But if you sort of said once you’re on notice that XYZ video is arguably a terrorism related video, it’s your obligation to review that and if it’s by a named terrorist group take it down, pending further review. If it promotes a named terrorist group, take it down, pending -- you know, you can imagine a more narrowly tailored rule that sort of didn’t create liability simply because you didn’t actively wipe your platform of even questionable stuff. I could see getting some passing consensus between the Dems and the Republicans on a narrow obligation like that.


You see similar restrictions on Section 230 for certain kinds of criminal sexual stuff up on the platform, CSAM materials and stuff like that. So maybe they could find some narrow thing that said you now have an affirmative duty to take it down, and once you didn’t satisfy your affirmative duty, you might indeed subject yourself to the aiding and abetting reasoning of the Twitter case. But as for what the next court case is, sorry, I don’t know. I’ll figure it out when it hits the Supreme Court news.


Sam Fendler:  When it comes up. We have a question, and you spoke about it just now a little bit, about some of the ongoing litigation about unlawful government interaction and influence over media platforms, social media. And there are some cases that we’ve spoken about. I think one is called Knight (sp). It might be at the district or circuit court level. I’m not sure. Do you think these rulings will have any impact on ongoing litigation, potentially upcoming litigation that concerns which I think is a slightly different question about government’s influence or impact on social media?


Erik Jaffe:  No, I don’t think so. Those are sort of these weird -- I am extremely sympathetic with these sort of -- the motivation behind some of these laws that sort of say, look, government shouldn’t be using power because basically it’s censor via proxy. I think that’s a serious problem. I think some of the attempts to address that problem misdirect their ire to the platforms rather than to the government itself and try to hold the platforms liable for basically being the victims of government arm twisting.


I suppose in some instances they’re the very willing victims of oh, no, don’t throw me into the briar patch kind of situation. But I don’t think that these cases have a whole lot to do with that. Obviously, some of the briefing arguably in the Google case bears upon that. But since the Supreme Court ducked and covered on that, I don’t know how to predict what they’ll do.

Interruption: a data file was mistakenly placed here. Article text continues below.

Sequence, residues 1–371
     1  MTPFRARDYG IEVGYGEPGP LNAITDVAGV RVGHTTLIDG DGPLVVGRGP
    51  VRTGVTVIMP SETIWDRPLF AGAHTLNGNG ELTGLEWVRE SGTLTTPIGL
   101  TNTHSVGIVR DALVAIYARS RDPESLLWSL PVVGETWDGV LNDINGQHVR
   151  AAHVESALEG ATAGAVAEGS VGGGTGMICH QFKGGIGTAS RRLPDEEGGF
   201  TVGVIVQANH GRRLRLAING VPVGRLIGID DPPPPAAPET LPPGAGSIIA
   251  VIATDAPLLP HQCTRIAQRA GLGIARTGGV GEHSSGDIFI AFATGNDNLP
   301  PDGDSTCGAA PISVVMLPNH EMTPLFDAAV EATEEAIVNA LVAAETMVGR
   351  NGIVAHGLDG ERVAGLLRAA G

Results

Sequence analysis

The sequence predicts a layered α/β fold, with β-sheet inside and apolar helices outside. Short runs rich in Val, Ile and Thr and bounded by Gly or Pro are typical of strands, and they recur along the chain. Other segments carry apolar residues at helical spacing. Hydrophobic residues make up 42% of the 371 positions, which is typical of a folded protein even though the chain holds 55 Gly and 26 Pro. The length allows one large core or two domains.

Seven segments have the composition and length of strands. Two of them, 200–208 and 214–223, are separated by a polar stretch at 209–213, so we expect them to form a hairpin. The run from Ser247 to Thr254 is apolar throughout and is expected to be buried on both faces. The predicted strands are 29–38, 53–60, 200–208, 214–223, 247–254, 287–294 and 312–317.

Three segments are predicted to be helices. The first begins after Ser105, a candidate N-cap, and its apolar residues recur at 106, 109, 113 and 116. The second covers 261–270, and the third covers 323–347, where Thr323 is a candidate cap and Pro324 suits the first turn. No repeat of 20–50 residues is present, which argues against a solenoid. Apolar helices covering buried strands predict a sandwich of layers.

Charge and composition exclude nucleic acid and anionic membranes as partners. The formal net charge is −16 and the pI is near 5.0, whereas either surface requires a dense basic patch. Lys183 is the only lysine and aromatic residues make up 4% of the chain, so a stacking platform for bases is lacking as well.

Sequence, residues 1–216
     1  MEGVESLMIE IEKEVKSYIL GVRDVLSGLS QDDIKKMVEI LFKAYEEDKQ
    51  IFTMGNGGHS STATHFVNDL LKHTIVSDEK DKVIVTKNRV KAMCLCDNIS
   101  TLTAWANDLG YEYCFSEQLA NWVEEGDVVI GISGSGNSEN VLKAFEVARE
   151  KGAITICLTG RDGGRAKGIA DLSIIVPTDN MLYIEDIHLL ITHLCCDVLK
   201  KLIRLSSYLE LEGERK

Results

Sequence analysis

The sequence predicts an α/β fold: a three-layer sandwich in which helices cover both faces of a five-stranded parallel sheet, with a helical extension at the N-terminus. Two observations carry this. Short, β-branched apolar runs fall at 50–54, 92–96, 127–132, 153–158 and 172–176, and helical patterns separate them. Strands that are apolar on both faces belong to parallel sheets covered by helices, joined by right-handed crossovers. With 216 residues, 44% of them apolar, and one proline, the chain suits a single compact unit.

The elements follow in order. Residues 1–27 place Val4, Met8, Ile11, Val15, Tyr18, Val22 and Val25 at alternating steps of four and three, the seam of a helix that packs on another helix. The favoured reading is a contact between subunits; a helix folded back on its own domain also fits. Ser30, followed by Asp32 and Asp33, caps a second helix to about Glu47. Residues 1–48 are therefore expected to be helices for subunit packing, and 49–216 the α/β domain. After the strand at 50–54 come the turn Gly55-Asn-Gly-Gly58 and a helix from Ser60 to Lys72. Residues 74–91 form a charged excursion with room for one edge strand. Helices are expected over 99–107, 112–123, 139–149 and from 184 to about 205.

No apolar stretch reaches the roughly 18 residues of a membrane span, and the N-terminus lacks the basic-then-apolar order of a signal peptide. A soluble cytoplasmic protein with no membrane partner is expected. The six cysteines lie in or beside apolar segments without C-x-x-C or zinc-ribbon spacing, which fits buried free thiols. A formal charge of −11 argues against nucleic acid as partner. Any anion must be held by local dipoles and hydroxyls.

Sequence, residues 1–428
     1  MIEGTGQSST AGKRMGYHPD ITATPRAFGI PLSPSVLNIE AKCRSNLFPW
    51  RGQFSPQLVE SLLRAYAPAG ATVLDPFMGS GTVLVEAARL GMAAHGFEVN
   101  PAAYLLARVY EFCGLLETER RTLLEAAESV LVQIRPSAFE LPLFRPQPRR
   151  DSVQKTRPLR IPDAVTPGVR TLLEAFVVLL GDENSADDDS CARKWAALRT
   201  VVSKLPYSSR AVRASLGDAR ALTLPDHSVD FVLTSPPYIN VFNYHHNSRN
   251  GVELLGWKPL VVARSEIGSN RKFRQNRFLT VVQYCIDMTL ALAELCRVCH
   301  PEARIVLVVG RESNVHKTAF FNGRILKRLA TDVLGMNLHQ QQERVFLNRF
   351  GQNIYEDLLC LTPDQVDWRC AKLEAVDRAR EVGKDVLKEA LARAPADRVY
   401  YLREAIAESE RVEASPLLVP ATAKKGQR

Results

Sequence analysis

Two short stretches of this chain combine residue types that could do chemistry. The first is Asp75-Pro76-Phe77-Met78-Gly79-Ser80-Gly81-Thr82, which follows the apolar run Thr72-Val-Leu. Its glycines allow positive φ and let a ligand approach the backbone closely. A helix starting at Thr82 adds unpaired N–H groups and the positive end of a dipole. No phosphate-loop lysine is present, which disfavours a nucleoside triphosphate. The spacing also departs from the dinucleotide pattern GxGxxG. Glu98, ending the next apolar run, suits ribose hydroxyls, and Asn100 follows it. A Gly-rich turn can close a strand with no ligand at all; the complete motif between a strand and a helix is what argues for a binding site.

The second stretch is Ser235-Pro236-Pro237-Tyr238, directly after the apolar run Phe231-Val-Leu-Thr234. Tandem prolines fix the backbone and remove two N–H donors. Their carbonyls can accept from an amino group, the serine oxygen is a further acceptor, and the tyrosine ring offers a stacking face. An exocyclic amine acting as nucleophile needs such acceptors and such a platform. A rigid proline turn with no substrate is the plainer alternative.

I think it is interesting to sort of say,”We’re going to deny you 230 immunity if you listen to the government too much.” That’s just a bizarre result and a bizarre outcome in both directions by the way. In both directions if you think Twitter would rather leave this stuff up but the government threatens them and makes them take it down and if you think the government goes and says, hey, by the way, just so you know that’s ISIS over there and Twitter’s like oh, thanks for the heads up; we don’t like ISIS; we want to take them down, how do you blame Twitter for either version of that? It strikes me as bizarre. Whereas if you want to stop the government from viewpoint based arm twisting, then stop the government from viewpoint based arm twisting.


Sam Fendler:  Erik, I want to ask you about the future of Section 230. I think certainly the Twitter case makes it obvious that the Supreme Court doesn’t want to be the arbiter right now of what Section 230 means. I guess we’ll list that as 1A. 1B is we know that Congress has been and probably will continue to have a very lively debate about the merits of Section 230, what it should impose upon these social media companies. Do you think that this case, Twitter in particular, has basically -- the Supreme Court is basically saying, listen, Congress, any question about Section 230 is going to have to be resolved by you? Do you think that’s the final say?